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It’s one thing to read the stories of how people got their starts in the music business. It's another thing to hear it in-person. And it’s yet another thing altogether when music professionals translate their experiences into practical advice to those looking to break into the worlds of production, performance, management and the other myriad components comprising the music industry.

The UGA Music Business Program’s guest lecture series brings students face-to-face with music professionals offering just that sort of actionable insight.

Underneath glossy albums, chart-topping hits and heart-pumping concerts, is the business of music itself. The guest lecture series peels back those layers of glamour and illuminates the inner workings of the industry. Further, lectures are designed to give students valuable insights to help guide them in their own quests to join the ranks of music professionals.

For example, it’s one thing to know what a demo tape sounds like. It’s another thing to hear the unreleased demos of famous, established musicians and listen to producer Ben Allen demonstrate how the essence of the demo is transformed—through a sometimes painstaking process – into a hit song … that is instantly recognizable from its use in a national advertising campaign.

With students in rapt attention in a lecture hall typically filled by MBA students, Allen plays part of the demo of a well-known band. “This is what they showed up with,” he says. “There are no lyrics, there's no melody in this track.”

Then, he plays the final track. In there, somewhere, one can hear a semblance of the original demo that was just played. Music Business Program Director David Barbe and Associate Director Tom Lewis can’t help but groove along to the music from their perches at the side of the lecture hall. Among the students, a few toes tap, but most are still as they strain to learn all they can from the song snippets.

Allen stops the song.

“A little different right?” he says. “That's not to say that I’m personally responsible for that transition. But it’s my job to make sure that it gets to that…the only thing that matters to me is getting to that destination.”

During his lecture, which is more of an interactive song sampling and Q & A, Allen relates his path from growing up in Athens to becoming a sought-after engineer and producer.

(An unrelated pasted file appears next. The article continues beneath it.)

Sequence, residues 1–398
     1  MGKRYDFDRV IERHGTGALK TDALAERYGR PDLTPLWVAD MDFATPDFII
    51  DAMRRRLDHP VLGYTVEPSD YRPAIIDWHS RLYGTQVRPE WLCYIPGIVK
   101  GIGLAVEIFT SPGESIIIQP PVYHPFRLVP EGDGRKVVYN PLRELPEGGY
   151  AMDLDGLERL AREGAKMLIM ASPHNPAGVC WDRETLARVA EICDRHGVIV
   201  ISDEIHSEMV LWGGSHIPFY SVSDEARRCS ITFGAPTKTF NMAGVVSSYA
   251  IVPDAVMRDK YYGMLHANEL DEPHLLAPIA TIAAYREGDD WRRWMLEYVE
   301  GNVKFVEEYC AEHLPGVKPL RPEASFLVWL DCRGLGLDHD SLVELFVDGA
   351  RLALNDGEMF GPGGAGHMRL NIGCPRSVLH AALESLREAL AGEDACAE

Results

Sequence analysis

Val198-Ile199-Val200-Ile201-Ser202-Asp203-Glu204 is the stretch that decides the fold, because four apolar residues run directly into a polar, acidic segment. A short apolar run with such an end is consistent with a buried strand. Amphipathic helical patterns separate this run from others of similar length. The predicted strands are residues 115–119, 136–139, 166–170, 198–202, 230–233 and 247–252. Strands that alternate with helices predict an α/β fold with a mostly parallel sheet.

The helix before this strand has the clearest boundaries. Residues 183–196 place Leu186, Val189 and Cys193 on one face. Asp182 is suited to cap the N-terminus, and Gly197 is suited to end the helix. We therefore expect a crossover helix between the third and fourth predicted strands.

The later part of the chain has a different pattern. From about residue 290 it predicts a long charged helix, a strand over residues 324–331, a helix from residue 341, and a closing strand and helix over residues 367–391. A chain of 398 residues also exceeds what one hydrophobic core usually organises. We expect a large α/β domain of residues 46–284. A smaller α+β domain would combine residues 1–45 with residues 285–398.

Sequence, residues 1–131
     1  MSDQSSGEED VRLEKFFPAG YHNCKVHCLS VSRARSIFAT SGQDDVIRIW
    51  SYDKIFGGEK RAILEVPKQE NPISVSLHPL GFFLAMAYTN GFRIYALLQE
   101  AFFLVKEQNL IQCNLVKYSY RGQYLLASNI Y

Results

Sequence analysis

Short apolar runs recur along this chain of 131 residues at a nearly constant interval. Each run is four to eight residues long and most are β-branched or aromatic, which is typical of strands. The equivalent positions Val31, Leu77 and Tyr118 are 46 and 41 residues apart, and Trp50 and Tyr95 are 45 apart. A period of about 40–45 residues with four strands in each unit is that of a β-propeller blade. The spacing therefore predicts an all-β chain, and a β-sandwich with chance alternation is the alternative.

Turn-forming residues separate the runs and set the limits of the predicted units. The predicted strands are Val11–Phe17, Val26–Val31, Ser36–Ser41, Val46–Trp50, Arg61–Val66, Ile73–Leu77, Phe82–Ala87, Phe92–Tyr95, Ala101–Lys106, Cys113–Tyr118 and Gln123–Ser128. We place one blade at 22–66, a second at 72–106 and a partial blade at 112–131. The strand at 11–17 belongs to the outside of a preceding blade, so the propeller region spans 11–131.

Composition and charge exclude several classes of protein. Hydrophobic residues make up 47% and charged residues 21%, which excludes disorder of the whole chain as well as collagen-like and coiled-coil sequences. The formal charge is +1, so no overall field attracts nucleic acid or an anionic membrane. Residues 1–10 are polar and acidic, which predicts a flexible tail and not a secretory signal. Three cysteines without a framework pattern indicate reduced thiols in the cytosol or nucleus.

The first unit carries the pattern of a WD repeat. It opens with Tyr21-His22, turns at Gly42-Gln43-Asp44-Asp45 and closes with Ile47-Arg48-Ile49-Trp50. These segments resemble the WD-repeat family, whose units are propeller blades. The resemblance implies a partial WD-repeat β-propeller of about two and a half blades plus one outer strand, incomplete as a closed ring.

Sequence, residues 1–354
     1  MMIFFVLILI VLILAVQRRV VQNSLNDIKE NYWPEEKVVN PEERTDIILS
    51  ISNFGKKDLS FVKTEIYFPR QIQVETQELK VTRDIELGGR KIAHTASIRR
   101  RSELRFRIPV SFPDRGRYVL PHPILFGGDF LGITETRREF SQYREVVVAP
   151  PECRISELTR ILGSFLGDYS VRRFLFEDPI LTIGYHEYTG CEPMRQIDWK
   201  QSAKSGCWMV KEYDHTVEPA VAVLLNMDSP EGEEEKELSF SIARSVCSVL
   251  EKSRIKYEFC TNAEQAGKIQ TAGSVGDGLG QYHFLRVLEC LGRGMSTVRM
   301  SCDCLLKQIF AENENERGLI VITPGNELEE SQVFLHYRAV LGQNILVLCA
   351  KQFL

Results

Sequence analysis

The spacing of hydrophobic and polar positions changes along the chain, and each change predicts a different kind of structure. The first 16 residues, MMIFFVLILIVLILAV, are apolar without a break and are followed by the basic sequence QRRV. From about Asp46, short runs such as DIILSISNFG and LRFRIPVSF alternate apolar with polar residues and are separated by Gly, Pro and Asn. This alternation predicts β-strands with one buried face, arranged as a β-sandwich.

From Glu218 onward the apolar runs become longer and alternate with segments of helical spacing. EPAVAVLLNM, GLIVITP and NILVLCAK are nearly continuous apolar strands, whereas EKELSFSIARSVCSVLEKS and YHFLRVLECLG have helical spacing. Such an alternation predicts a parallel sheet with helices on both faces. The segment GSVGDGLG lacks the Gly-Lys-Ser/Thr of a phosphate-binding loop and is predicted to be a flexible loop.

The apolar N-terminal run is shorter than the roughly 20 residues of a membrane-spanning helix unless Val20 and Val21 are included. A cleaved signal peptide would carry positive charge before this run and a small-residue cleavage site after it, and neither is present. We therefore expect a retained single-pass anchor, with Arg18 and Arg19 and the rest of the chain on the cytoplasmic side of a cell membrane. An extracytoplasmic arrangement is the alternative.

It’s the same when front-of-house mixer and production manager Chris Rabold visits the classroom. His credentials also impress the students, with a client list including Stockholm Syndrome, P. Diddy, Widespread Panic and Lady Gaga.

Also an Athens native, Rabold relates that he once was in the same situation as his audience. Sure, he spent weeks on the road in a station wagon with his dog, following bands he loved. But he also got involved “in anything and everything. If some dude walks in from a club, who cares what kind of music they do,” he says. If they ask you to help run the sound because someone didn't show up, do it, he says. It happened to him. “I had no idea what I was doing,” he recalls. When someone with the band asks you to help load trucks after the concert, do it.

Both Rabold and Allen emphasize the importance of getting out there, getting involved. It’s something every aspiring musician or music industry professional hears. But there’s something different when it comes from them. They add more specific advice after the blanket “get out there and get involved” statements. Allen notes that anyone with a laptop and inexpensive music software can start learning about sound engineering, and gives examples of kids living in their parents basements who have become breakthroughs. Rabold notes that formal training or education will only yield a competitive edge, no matter what aspect of the industry interests students.

In an industry as tough as the music one, lecturers offer some much needed pep talks, too. At the beginning of every class—including prior to lectures—students share news about upcoming music events and relate recent relevant experiences.

Rabold smiled as he prepared to deliver his lecture. “Just in your announcement portion alone,” he says, “that just shows me that this place is teeming with opportunity.”